Beavers in the light of the new morn. Here’s the style frame for shot 6 that I will be animating for my 10 seconds of goodness for hand in.
Beware, the blood moon!
Here’s my fifth iteration of the beaver animatic. This version is apocalyptic, introducing a blood moon to make the devastation sequence a bit more dramatic, as suggested in my feedback from my presentation a while back.
I’ve sliced shot 6 into two parts in order to make the animation process a bit easier and more achievable. The original shot zooming up the hill was faster than I would have realistically been able to achieve and I think it would have come out rushed. With the new version, we get to spend more time on the long shot (which has become a flooded landscape) and then jump to the close up which is now going to match-shot into the beaver reality sequence.
I think the flooding and blood moon help convey the idea that the devastation sequence is a totally over the top and unrealistic. The added detail of the fish being swapped for a twig in the match shot, I hope, conveys the idea that in reality, beavers don’t eat fish.
Here’s some horrid tests of the beaver diving sequence.
The first I thought was more problematic than I think it is on reflection, but could do with some refinement in the tail department. It could also be a little slower.
The second is better with the tail but quite poor everywhere else. The hand movement is confused and the whole character is really quite inconsistent. I changed the angle of the dive in relation to the shot in order to add some depth but I’m thinking now I was better off with more of a 2D direction to the beaver.
I’ve been referencing some videos on YouTube of beavers swimming underwater. I’ve found that Beavers tend not to use their front legs when swimming, just their tail and hind legs. I think in the final rough, I will keep the front paws tucked away.
Gotta love beavers. The grind continues.
Here’s a selection of styleframes I worked up for the first shot I plan to animate for my 10 seconds of finished animation. One plays with depth and blurring a bit while another has a darker background. My main feature has been touched up in Photoshop.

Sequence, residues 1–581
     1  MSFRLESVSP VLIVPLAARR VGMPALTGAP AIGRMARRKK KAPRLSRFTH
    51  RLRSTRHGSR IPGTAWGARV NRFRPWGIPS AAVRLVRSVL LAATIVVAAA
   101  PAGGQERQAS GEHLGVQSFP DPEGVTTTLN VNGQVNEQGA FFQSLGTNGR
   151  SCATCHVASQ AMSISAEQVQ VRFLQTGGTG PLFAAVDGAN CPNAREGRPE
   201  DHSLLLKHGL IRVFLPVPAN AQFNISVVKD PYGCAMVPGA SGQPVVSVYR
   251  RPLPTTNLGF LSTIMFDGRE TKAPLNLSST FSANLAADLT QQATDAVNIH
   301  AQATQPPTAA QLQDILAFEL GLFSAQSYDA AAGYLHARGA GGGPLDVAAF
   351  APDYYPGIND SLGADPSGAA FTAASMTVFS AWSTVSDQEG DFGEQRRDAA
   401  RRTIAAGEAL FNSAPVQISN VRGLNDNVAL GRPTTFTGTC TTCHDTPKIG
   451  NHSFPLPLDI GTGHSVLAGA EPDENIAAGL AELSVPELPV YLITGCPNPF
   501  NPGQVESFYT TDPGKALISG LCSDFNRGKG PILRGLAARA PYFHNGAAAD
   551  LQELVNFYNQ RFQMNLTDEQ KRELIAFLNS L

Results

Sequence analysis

I realise after a little hiatus (three weeks ignoring it) I really should crack on with this project. My first move is to begin animating this sequence as it’s the least likely to change, while the other shots need a bit more designing and reconsidering.
Here’s a little animation test I conducted today based on Amy’s colour script panel of Elm hill featuring boiling lines and falling leaves. I left the character animation out for now but I think I’ll get that in for submission.
Amy took the liberty of reframing this shot from how I envisioned it in the storyboard to better compose her vision of the scene, given that she’ll be animating this section in the final version.
I took my collaged storyboard and made this animatic with a hastily recorded reading of the poem. It’s somewhat successful with the pacing and tone, but there’s quite a lot wrong too.
From a story perspective, the jump from the opening straight to the signs feels quite abrupt. I feel there may be a missing sequence about settling in the city? Considering I’ve already dropped the castle scene from this edit, we could afford to drop back two more scenes in a new sequence here? Something about tower blocks and terraces.
We’re definitely gonna need some kind of music/sound track at some point.